I have 2 MBM-12's and a 3.3 Turbo. I tried different combos in my room (6000+ cubic feet with 2 large openings on the left to other parts of the house) and came up with the best way for me. I read a report written by mojave on SUB LOCALIZATION, http://forum.hsuresearch.com/showthr...ght=crossover? So I set up my 2 MBM-12's (one with each main 50hz up, E-90's) with a xover of 150hz, and a 3.3 Turbo (nearfield, 50hz down) behind the seating area. The MBM-12's sure take the strain off the mains and allow a higher xover and there is no localization of the Turbo. The bass punch is there and the SQ for HT & Music is excellent.

Bill

Just making sure I'm reading this right. You have your MBMs towards the front of the room (farfield) and the 3.3 behind you (nearfield)? MBMs crossed at 150hz?
I just finished some tweaks and have my MBM/2.3 combo set up in a opposite way of yours. Might have to try it the other way...
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post #44 of 490 Old 03-18-2008, 10:42 AM
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Quote:
Originally Posted by Pharcyde23 View Post

Just making sure I'm reading this right. You have your MBMs towards the front of the room (farfield) and the 3.3 behind you (nearfield)? MBMs crossed at 150hz?
I just finished some tweaks and have my MBM/2.3 combo set up in a opposite way of yours. Might have to try it the other way...

Correct! The MBM-12's are right next to the mains and blend quite well and xover'd at 150hz. 3.3 Turbo right behind the couch where I sit and xover'd at 50hz. The 3.3 Turbo acts like butt shakers when the bass is intense and I do have 2 butt shakers in the couch but never use them since the new sub setup. Movies and music are most excellent!

Bill
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post #45 of 490 Old 03-18-2008, 10:50 AM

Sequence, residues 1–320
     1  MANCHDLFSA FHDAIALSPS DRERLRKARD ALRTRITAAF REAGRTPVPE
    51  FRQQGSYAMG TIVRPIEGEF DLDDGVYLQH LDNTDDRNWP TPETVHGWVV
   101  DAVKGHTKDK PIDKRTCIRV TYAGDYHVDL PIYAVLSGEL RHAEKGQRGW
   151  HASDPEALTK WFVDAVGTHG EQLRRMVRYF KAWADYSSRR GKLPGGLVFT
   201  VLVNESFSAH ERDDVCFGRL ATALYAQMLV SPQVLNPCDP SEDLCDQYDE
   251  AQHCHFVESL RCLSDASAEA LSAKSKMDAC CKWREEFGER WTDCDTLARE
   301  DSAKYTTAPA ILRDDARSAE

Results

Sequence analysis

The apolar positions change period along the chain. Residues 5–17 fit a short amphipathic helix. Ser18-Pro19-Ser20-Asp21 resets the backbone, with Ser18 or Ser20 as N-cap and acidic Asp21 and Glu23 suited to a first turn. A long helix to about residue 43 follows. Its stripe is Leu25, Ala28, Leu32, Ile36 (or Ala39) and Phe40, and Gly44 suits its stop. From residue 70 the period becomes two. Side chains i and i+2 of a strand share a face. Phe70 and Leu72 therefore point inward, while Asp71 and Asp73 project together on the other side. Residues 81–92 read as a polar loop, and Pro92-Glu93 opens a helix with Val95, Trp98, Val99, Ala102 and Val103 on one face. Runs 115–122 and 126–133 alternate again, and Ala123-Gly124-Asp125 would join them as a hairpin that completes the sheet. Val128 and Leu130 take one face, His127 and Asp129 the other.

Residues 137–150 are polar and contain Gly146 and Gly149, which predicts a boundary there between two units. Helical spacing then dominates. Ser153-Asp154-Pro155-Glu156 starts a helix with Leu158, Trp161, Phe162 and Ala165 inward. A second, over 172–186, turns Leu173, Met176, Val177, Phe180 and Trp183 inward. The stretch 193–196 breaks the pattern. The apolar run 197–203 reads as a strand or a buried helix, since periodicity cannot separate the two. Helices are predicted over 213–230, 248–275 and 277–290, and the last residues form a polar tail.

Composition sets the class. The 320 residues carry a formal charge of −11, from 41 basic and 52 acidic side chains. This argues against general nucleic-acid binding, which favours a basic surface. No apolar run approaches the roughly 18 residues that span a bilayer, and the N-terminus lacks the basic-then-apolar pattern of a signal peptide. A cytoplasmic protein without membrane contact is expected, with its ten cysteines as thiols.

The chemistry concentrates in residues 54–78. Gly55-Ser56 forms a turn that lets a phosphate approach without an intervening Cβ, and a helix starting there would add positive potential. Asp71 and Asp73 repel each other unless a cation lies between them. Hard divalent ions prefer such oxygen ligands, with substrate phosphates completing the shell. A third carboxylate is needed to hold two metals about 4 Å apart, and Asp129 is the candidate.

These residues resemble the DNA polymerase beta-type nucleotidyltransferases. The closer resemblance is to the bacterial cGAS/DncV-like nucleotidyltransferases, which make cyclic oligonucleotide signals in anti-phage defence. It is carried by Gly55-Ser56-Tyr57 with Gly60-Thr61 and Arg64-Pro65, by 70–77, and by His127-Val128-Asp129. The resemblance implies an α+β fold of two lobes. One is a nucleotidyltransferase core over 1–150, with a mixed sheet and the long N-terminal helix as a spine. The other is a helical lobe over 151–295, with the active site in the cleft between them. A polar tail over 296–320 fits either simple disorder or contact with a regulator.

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Quote:
Originally Posted by bsoko2 View Post

Correct! The MBM-12's are right next to the mains and blend quite well and xover'd at 150hz. 3.3 Turbo right behind the couch where I sit and xover'd at 50hz. The 3.3 Turbo acts like butt shakers when the bass is intense and I do have 2 butt shakers in the couch but never use them since the new sub setup. Movies and music are most excellent!

Bill

Looks like I have some more shifting to do...

What is the LFE on your avr crossed at? and mains?
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post #46 of 490 Old 03-18-2008, 10:50 AM
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Anyone ever attempted to use these with Planars? Magnepans specifically?

Planning a basement system & it would be nice to take some of the load off of the Maggies.....approx 15,000cu ft.....this is why I'm going with a Conquest
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post #47 of 490 Old 03-18-2008, 10:57 AM
 
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I just recently bought the Hsu VTF-3 MK3, which I love. But I still find myself looking at the MBM-12 almost everyday. So I believe that I will eventually be adding it to my setup.
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post #48 of 490 Old 03-18-2008, 11:05 AM
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Quote:
Originally Posted by Pharcyde23 View Post

Looks like I have some more shifting to do...

What is the LFE on your avr crossed at? and mains?

Avr (Pio '94)LFE xover'd at 150hz, and the mains have no xover to adjust (JBL E90's). Here is a list of my gear:

Pioneer - VSX-94THX
Bue Jeans cables
JBL - E90 mains w/M2200 200 watt Mono Blocks
JBL - EC35 center w/M2200 200 watt Mono Block
INFINITY - Beta ES250 surrounds
JBL - E50 rear surrounds
HSU - (1) VTF-3 MK3 Turbo
HSU - (2) MBM-12 (one w/ea main)
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Panasonic DMP-BD30 (BluRay)
Sony SCD-CE595 SACD (5 disc cd/sacd player)

Bill
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post #49 of 490 Old 03-19-2008, 11:40 PM